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Williamstown Town Meeting Includes Call for 'Equanimity'
By Stephen Dravis, iBerkshires Staff
04:14AM / Monday, June 20, 2022
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WILLIAMSTOWN, Mass. — Two current and one former member of the Select Board used last Tuesday's annual town meeting to appeal for more civil discourse in town government.
The tone for the evening was set when Anne O'Connor received the Scarborough-Salomon-Flynt Community Service Award.
O'Connor, who served two terms on the Select Board before choosing not to run for re-election last May was singled out by the award committee largely for her efforts to promote environmental causes.
She acknowledged that in her remarks before speaking at length about the conversation the community has been having around issues of race and equity since the summer of 2020, when those issues came to the forefront nationally after the murder of George Floyd in Minneapolis and locally when a lawsuit alleged disturbing incidents in the Williamstown Police Department.
O'Connor said it pained her to see the divisive rhetoric that has played out in public and on social media in the years since the town began reckoning with both its historic legacy of racism and the way white privilege continues to play out in Williamstown.
"I don't think this is easy at all," O'Connor said. "It is a discipline. At a community level, it means practicing respect for our mutual humanity, where you and I never let ourselves objectify someone else. It means maintaining our equanimity, balance and connection, even in the midst of change, where you and I take a breath and calm down before we act.
"It means practicing open-heartedness, love and perseverance as a guiding principle, where you and I don't give up on hope or each other."
O'Connor argued that the community cannot overcome "systemic harm by inflicting more harm."
And she said she is hopeful that the love of community embodied by the Scarborough-Salomon-Flynt Award and its namesakes would show the town "a path out of trauma."
Two of O'Connor's former Select Board colleagues later echoed her words – consciously or unconsciously – toward the end of the 4-1/2 hour meeting.
At issue was a proposal brought by citizens petition to institute a small stipend for all residents who serve on boards or committees in town government.
Proponents argue that a stipend would remove a barrier to public service for those who cannot afford expenses, like child care, that would allow them to commit to several hours of night meetings each month.
Two current members of the Select Board countered that a commitment to respect the work of committee members would go further in encouraging participation on those panels.
"Quite frankly, the way to motivate people to be on committees and run for boards is to listen to them," Jane Patton said.
Andy Hogeland agreed, citing a study by the Select Board of current board and committee members that found money would not be a "motivation" for public service.
"The challenges to serving the public have nothing to do with $25.60," he said, referencing the specific per meeting stipend in the proposed warrant article. "It's the hours, it's the stress, it's the public comment periods. It's what we did tonight to the Planning Board, frankly, I didn't agree with what they did. But they have my sympathies for the amount of time they put in. I can't imagine anyone on that board saying, 'Oh, I'll do it over again for the 25 bucks.' It just makes no sense."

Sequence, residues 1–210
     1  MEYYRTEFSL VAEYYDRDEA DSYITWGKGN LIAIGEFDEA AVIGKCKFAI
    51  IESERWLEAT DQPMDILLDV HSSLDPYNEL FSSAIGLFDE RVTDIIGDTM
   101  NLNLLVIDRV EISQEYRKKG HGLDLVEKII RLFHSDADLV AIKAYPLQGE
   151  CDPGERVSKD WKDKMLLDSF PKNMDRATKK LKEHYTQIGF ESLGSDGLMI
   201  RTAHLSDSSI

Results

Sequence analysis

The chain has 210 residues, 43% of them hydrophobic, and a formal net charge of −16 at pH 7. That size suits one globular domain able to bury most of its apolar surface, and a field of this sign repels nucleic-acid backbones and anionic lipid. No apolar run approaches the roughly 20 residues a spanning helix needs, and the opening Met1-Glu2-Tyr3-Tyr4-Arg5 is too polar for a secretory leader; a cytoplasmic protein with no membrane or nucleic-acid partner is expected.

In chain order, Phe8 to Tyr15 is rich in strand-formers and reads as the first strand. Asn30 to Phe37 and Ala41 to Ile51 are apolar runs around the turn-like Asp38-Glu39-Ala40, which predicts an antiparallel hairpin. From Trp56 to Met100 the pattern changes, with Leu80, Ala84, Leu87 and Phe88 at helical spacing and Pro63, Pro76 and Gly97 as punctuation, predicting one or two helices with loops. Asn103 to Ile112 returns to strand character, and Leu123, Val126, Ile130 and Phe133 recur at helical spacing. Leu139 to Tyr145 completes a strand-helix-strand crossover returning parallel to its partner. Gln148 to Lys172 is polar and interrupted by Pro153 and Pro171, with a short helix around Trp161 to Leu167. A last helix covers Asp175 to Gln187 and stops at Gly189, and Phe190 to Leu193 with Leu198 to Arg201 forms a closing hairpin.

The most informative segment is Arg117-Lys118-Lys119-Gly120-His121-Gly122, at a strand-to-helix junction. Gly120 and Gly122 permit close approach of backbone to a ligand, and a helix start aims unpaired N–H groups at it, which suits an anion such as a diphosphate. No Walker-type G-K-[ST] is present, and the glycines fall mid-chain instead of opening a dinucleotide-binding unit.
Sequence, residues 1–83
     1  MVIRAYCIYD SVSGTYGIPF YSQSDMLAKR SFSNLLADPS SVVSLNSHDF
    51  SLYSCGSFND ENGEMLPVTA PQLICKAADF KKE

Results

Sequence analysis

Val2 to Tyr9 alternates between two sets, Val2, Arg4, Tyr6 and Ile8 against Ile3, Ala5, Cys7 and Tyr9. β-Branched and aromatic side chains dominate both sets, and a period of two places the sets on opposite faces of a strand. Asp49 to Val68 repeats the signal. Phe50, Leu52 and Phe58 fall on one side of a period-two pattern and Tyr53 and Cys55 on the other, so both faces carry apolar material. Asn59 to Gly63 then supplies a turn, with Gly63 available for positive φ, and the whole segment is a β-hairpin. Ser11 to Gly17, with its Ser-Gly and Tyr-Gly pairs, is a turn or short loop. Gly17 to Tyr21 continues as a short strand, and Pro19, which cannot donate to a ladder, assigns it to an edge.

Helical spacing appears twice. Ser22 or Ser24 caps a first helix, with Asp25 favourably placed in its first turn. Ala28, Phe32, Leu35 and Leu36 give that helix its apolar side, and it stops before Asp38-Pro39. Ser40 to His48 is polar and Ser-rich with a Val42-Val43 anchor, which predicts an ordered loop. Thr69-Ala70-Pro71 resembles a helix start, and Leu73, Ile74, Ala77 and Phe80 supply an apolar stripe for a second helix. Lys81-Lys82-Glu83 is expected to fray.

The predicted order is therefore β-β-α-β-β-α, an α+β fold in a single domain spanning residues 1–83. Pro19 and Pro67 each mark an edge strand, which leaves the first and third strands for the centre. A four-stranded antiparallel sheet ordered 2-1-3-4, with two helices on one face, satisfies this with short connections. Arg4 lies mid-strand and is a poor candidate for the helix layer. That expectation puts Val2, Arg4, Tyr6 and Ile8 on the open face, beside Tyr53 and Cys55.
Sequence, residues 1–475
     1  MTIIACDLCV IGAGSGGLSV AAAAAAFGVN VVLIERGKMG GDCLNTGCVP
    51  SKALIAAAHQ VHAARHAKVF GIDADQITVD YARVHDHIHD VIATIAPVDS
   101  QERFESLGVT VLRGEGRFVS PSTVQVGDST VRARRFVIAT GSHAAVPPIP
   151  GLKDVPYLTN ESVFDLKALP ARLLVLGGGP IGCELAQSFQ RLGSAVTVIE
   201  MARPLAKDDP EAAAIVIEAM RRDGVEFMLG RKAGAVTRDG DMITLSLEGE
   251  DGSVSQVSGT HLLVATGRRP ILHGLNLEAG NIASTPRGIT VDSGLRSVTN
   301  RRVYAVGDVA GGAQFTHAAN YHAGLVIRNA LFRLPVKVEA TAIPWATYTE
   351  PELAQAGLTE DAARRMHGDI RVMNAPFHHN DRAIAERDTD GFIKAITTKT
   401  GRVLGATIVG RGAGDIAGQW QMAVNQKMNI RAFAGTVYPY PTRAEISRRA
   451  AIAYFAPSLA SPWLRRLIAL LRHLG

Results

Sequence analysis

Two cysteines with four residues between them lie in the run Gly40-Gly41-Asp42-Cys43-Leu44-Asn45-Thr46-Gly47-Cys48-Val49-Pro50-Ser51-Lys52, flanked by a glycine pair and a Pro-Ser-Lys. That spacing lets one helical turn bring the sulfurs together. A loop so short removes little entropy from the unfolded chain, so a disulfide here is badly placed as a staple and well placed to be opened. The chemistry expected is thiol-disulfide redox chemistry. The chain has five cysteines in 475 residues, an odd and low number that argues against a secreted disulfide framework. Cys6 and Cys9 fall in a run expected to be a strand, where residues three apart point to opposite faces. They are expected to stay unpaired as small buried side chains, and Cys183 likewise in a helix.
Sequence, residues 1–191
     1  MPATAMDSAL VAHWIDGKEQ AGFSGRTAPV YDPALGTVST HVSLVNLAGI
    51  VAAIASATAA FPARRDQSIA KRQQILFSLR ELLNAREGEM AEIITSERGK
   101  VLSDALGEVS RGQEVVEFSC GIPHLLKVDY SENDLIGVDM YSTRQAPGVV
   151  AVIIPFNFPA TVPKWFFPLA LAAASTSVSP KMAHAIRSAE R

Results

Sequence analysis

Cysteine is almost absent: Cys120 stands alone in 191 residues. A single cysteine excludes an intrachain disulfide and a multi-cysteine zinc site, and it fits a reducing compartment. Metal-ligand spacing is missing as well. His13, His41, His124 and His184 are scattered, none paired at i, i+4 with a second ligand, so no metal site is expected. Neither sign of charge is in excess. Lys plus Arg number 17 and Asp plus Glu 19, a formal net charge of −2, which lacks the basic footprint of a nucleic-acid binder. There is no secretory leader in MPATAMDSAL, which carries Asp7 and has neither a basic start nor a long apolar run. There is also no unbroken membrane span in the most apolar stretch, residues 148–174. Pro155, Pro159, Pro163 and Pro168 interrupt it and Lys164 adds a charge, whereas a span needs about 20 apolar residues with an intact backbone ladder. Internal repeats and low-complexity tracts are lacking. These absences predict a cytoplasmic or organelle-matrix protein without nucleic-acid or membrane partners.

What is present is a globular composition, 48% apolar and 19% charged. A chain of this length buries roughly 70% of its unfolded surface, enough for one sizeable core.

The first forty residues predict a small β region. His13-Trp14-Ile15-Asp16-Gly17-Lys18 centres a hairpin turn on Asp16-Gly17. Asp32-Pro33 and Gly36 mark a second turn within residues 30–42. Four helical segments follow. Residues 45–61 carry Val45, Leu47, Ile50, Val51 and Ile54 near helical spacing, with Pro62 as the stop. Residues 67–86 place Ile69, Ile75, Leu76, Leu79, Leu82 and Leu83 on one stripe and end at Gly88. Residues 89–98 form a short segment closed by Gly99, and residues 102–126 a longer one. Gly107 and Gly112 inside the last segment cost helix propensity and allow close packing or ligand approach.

The warrant article's author, Huff Templeton, sought to clarify that the stipend proposal was not about creating a financial incentive for service but, rather, removing obstacles that impede those who already want to serve.
"This is not compensating people for their time," Templeton said. "We're trying to provide a stipend for the meals and extra expenses."
Select Board member Randall Fippinger spoke in support of Templeton's proposal, calling it "baby steps in the right direction" of helping make government service accessible to more residents.
As the Select Board's representative to the town's Diversity, Inclusion and Racial Equity Committee, Fippinger told the meeting that panel recommended the stipend proposal's adoption and had received testimony that the stipend would help less affluent members of the community participate on committees.
Another member of the DIRE Committee, Andi Bryant, said she at first had doubts about the idea but came to support it, and she was glad Templeton added a "sunset clause" that would have implemented the stipends for three years so the town could evaluate their effectiveness at that point.
Fippinger and Wendy Penner each emphasized a hole in the Select Board's survey: It was directed only to those already serving on town boards and committees. Hugh Daley, who conducted the survey for the board, acknowledged that shortcoming when he presented the survey results to the board earlier this spring.
Daley made a different point during Tuesday's debate, pointing to the stipend proposal's "opt out" clause that could backfire and serve to ostracize the very community members the stipend was meant to encourage.
"This would all be public record," Daley said, referring to records of who opts out and who does not. "I don't want to create an environment where people are talking about potential candidates and appointees in terms of, 'Are you going to take the money or not take the money?'"
The stipend proposal failed on a vote of 42-89, with just 131 of the 327 residents who originally checked into the meeting still around (40 percent). That 327 represented 6.7 percent of the town's 4,906 registered voters.
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